The exceptional growth to date has been down to a virtuous combination of strong fundamentals and unique technical factors such as low rates, abundant liquidity and increased risk appetite from investors. While these technical factors may not always be as supportive, the fundamental underpinning of the market should continue to be a force unabated for the foreseeable future.
At EUR300 billion, the European high-yield market has reached the size where it can offer liquidity and efficient pricing across sectors. It is now a deeper, more diversified and more mature asset class that is becoming highly attractive to both issuers and investors.
For example, according to the Mercer 2013 survey of pension funds, about 10 per cent are investing in high-yield now up from only 5.5 per cent of pension funds in 2011. Over that same period, the average allocation level changed from 4.3 per cent to about 5 per cent.
The financial crisis showed corporates the importance of a diversified capital structure. Across the board, companies are now thinking strategically about how to enhance flexibility, diversify exposure, and extend duration. High-yield bonds do all of that.
However, the fact remains, that European corporates are still largely bank financed, especially when compared with those in the US.
Balance sheets across the European banking sector must continue to shrink for another five to seven years, according to Deloitte. Arguably this deleveraging will impose a structural shift in how corporates are funded. Reduced bank lending means non-IG borrowers may scramble for alternative sources of liquidity for their funding needs.
And the need for significant refinancing is there. About EUR45 billion of non-IG bank debt is set to mature annually over the next four years. If one third of the maturing bank debt is refinanced in the high-yield market, in line with the trend seen since 2009, that alone could provide a further EUR60 billion of incremental growth for high-yield bonds up to 2017.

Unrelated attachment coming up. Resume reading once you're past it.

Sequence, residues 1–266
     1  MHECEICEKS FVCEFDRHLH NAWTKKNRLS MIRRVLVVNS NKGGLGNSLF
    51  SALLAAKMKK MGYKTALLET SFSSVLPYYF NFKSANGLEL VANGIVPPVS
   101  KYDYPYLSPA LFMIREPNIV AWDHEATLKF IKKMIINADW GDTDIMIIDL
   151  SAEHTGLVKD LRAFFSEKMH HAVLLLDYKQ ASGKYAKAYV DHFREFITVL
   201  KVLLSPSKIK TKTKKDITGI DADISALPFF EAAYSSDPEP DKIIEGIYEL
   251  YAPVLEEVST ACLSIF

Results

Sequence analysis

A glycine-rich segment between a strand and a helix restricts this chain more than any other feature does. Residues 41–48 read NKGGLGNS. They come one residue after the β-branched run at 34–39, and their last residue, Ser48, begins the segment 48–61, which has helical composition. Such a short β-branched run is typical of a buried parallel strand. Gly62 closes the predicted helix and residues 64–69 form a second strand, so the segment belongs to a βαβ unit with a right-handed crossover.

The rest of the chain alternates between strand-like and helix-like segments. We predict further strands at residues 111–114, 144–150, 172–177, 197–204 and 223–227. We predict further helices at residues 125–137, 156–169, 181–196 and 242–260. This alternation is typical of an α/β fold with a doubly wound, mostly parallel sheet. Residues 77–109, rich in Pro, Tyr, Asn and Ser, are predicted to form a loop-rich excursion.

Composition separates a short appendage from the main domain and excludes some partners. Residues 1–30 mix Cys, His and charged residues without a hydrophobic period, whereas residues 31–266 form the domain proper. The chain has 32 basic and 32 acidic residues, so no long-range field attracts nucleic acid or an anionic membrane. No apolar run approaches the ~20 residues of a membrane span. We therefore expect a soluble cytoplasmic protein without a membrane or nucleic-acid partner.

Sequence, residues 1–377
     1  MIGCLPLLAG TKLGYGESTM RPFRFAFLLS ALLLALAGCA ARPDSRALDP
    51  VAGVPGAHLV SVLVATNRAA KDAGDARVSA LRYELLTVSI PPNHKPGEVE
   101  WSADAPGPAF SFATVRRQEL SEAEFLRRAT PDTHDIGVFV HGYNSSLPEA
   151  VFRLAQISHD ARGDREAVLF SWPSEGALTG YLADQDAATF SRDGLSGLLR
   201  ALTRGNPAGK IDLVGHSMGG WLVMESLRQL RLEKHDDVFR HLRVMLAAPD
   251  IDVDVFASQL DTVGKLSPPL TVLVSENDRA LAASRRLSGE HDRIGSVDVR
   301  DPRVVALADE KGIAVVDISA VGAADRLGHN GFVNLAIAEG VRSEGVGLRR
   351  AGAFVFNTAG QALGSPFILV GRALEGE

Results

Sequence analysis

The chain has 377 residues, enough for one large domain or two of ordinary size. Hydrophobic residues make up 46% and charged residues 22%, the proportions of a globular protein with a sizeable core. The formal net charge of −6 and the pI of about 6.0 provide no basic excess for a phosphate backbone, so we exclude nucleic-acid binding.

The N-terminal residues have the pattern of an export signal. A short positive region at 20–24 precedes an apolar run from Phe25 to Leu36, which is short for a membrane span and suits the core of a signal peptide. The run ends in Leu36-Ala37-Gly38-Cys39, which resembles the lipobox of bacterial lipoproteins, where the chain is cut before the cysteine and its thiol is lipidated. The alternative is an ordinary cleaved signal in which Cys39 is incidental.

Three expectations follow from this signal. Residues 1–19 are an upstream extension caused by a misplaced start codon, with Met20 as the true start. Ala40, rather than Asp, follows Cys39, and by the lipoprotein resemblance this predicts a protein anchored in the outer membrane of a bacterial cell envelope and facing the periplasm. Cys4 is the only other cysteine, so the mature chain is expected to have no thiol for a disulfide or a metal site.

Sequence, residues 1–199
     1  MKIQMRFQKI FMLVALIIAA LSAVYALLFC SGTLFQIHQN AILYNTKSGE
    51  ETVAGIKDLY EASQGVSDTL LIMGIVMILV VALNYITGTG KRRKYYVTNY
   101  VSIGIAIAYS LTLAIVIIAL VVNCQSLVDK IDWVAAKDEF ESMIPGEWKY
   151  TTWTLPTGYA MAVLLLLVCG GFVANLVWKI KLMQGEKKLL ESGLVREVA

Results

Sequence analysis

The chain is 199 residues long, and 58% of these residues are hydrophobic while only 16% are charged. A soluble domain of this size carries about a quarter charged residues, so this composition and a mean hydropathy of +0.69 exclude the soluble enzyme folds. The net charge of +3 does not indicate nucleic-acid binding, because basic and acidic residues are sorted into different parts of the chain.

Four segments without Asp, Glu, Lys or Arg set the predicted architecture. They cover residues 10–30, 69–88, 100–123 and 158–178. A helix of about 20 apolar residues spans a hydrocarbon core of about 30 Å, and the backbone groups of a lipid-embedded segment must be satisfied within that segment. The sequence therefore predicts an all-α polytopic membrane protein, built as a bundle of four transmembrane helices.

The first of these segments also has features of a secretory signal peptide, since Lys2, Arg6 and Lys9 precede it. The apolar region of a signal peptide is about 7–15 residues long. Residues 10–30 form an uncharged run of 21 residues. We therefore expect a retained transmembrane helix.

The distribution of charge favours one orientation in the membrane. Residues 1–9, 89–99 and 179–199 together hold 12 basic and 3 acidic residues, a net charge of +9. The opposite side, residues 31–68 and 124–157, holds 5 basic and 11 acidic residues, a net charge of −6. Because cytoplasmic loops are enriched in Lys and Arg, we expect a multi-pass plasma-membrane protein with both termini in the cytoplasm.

M&A-related issuance is also showing signs of recovery. From about EUR3 billion a year between 2009 and 2011, it rose to EUR5 billion in 2012 and had already reached EUR6 billion by July this year**. Looking to the future, issuance of up to EUR10 billion a year seems reasonable, especially in light of historical evidence. This would further add to the high-yield growth story.
On this basis, we could see further growth of around EUR100 billion 120 billion in the European high-yield market by 2018 through corporate bank to bond refinancing and increased M&A alone.
Add to that the continued financial sponsor activity, including refinancing of Leveraged Buy Out loans in the capital markets, and a market size of up to EUR450 billion within the next five years is eminently plausible.
All this needs setting in the current context of a European high-yield market that at EUR300 billion is still only 30 per cent of its US counterpart, which is worth a whopping EUR1 trillion equivalent***.
Europe may never achieve the same depth or size. Its underlying economies are more fragmented, diverse and governed by different regulations. But the gap is very large given the relative size of the two economies. Europes GDP was about USD17 trillion last year compared with USD16 trillion for the US. What that suggests is a European high-yield market with considerable upside.
Clearly there are still risks to this growth outlook, such as a sudden rise in base rates, renewed eurozone worries or a surge in upgrades for fallen angels (companies downgraded to non-IG during the crisis).
However, we firmly believe a critical inflection point has been passed. It is not a matter anymore of whether the high-yield market is here to stay as the main non-IG alternative bank funding. It is only a matter of time.
** S&P LCD
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